When Johnny and I arrived in Jiangdu, we were picked up by a man who seemed to be a friend of the owner of the wine store or at least was someone who wanted to impress the owner. We’ll call him Chao. We first checked into our hotel and then there was no time to waste. Not even with a chance to drop my bag off in my room upstairs, Johnny and I were quickly shuttled to the wine store where I was taken upstairs, awkwardly introduced to the owner and his wife and another person (a client?) only to be whisked away a few minutes later to dinner in an adjacent hotel. With Johnny being my only companion in this strange arrangement, I ate dinner with the people I met at the wine store and some other folks in a private room. A poker table was set up in the corner of the room which Chinese people love to play on such company team-building and Guanxi building occasions. I thought I was going to be trapped in the room for hours on end but to my pleasant surprise, I was shuffled back to my hotel room promptly after dinner (although Chao was nowhere to be found and still had my bag in his car). For the next two hours, my planned relaxing evening turned into me researching facts and information about red wine from France and its health benefits. Johnny told me I had to be prepared to say some facts or pretend to be knowledgeable about red wine since I was likely going to be playing a representative from a Shanghai wine exporter. At around 9:30, Chao arrived in my room briefly with Anna, my fellow-foreigner at the event and then whisked her away presumably to take her to the wine store as well. Finally at 10 p.m., we were summoned to the banquet hall where the party would be held the next day. Anna was there waiting with a Chinese woman and I finally got to properly meet her. From Ukraine, Anna was getting her Masters at university in Shanghai and training to be a Chinese language teacher. Not surprisingly, her Chinese was quite fluent. Ironically she was instructed to pretend that she couldn’t speak any Chinese- a part I had no trouble playing. We sat and waited around for the next 45 minutes and finally got instruction that I would be giving a speech in English at the opening of the store the next day and that Anna would be a guest at the event. I offered to write the speech but Johnny said he needed to do it. Finally at 11 pm, Anna and I announced we were going to our rooms and would not be waiting around anymore. The next morning, I found out that Johnny was up until 1 a.m. helping with arrangements and making sure everything was perfect for the big day.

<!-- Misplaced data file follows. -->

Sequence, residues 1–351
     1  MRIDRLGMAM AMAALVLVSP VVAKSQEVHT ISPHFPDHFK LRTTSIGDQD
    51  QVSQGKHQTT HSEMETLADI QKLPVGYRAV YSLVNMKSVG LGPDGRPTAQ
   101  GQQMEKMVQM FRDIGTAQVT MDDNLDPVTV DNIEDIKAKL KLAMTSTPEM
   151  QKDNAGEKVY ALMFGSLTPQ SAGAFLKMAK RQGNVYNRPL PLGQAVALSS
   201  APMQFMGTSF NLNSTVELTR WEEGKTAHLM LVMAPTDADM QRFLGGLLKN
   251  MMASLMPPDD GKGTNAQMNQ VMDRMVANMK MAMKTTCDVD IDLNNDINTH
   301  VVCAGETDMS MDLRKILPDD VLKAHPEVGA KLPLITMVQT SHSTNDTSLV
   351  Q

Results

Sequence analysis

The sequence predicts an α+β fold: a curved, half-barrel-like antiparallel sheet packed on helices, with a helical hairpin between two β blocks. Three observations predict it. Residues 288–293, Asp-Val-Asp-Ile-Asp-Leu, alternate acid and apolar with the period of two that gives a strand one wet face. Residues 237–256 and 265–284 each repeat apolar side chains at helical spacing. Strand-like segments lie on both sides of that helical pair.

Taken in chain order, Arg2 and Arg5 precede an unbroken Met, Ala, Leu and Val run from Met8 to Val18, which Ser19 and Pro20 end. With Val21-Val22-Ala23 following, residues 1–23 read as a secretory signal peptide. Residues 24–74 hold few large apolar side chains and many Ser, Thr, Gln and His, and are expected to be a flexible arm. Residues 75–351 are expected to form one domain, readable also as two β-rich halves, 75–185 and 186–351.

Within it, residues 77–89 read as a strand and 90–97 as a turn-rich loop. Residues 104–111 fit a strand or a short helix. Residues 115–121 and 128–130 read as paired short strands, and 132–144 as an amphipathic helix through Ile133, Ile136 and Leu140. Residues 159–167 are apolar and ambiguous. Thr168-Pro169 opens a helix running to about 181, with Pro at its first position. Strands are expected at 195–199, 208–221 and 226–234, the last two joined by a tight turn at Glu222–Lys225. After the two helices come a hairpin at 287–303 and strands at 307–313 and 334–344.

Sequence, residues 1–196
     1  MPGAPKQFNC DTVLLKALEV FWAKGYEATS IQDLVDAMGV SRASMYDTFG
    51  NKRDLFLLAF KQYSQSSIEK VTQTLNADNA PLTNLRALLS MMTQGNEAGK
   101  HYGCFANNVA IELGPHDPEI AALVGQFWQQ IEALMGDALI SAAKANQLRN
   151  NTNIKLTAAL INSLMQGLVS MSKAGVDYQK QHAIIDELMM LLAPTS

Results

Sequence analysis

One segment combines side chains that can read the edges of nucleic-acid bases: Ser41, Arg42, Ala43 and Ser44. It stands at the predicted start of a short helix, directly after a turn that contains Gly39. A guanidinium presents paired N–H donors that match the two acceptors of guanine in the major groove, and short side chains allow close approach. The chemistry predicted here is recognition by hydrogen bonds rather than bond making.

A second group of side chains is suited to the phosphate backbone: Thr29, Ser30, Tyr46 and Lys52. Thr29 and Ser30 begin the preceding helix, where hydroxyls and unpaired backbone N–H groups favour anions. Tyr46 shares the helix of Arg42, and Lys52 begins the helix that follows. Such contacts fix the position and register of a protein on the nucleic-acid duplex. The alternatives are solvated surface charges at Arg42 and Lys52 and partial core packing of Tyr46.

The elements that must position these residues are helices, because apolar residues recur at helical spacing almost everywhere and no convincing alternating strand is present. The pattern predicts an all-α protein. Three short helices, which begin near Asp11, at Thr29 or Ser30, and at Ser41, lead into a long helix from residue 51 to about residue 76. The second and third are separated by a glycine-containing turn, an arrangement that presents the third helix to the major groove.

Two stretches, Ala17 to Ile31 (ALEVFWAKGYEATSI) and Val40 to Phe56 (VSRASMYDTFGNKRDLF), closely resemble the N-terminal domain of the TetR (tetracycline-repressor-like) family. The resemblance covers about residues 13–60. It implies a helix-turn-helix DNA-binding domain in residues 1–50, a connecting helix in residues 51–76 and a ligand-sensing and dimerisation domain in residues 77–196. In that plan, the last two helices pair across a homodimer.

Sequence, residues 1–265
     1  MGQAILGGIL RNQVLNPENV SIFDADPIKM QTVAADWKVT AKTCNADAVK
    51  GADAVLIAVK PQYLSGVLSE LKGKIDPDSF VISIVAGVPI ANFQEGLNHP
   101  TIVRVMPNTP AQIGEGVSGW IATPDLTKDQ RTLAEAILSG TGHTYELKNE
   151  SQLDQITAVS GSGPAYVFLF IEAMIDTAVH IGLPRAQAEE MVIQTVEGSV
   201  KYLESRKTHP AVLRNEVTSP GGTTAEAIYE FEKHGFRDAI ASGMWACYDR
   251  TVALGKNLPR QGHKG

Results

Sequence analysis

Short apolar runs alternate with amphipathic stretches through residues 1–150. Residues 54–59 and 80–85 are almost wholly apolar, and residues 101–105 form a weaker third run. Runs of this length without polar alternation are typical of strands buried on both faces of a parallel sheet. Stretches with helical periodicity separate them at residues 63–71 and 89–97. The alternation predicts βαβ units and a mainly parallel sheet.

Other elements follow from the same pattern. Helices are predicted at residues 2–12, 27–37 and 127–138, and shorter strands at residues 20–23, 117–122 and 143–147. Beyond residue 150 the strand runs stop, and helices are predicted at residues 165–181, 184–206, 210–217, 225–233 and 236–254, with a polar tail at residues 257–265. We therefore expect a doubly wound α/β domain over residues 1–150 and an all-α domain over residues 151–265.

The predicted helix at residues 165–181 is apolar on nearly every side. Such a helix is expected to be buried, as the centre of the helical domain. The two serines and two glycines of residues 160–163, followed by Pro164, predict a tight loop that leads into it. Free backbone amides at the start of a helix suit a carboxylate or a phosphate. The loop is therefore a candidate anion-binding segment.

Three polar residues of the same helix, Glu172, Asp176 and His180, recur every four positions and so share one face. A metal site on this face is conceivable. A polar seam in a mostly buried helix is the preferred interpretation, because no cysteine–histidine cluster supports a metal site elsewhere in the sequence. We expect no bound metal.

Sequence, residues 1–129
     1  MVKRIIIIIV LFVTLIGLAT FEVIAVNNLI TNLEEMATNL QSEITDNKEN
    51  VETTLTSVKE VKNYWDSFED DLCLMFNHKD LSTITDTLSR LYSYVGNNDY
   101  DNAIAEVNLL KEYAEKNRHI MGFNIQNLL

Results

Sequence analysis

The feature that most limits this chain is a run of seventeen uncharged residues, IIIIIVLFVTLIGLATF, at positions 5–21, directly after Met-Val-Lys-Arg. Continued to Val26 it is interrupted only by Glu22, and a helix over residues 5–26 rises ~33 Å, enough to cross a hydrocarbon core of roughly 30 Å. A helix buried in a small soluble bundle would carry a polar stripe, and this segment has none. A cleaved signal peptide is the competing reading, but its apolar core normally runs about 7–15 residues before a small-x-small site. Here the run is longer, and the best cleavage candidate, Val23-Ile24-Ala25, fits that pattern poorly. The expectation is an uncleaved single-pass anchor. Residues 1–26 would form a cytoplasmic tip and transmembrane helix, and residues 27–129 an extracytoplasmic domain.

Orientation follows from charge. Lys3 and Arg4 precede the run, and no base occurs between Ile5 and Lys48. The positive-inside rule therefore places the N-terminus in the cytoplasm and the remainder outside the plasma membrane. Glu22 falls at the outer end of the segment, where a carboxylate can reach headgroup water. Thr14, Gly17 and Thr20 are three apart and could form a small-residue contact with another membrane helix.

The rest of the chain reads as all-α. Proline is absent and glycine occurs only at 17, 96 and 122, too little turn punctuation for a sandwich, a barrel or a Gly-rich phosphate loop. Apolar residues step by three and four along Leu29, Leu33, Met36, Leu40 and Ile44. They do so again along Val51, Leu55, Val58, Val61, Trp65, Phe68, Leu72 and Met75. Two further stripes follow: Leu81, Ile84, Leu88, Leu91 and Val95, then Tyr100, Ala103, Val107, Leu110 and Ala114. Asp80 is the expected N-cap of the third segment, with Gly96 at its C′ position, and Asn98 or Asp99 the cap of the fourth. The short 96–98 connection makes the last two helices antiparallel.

I awoke at 7 a.m. the next morning to the sound of gregarious, drunken wedding guests in the hallway outside my room. I quickly got up and got ready for the big day. I met Johnny in the hotel lobby at 8:20 and went over my role of the day. I would give a short speech in English with a line in Chinese at the opening of the store and then cut the ribbon along with the owner and a couple of other government and business hotshots.

Getting ready for my inaugural speech
At 9 am, Anna, Johnny and I were taken by Chao to the wine store and hung around for the next hour as we waited for our important moment. Pretty Chinese girls dressed in traditional dresses that buttoned up to the neck passed out bottled water to us and other guests and pinned corsages on our dresses. Finally, our moment came and we were summoned outside. A crowd had gathered out in front of the store and curious passerby’s stopped with their children to see the “groundbreaking” event. The owner of the store gave a speech and then came my big moment! I had practiced the speech- especially the Chinese line and read it from a piece of light red paper for luck. As I stepped up to the microphone, there was some moments of awkwardness (which seemed like a full two minutes) as one of the ushers struggled to raise the microphone up to my height (which was only enhanced by the high heels I wore). Finally I gave my speech. My speech went something like this, “Chairman Cheng and esteemed guests. I am from the Shanghai Caste Wine Company. The Caste wine company started in 2000 and now it has moved to Jiangdu for its new home where it will bring much success. In Chinese “Congratulations and wishing you much luck!”. There was a lot of clapping and then the big wigs and I stepped forward to cut the ribbon.
My opening speech
Cutting the ribbon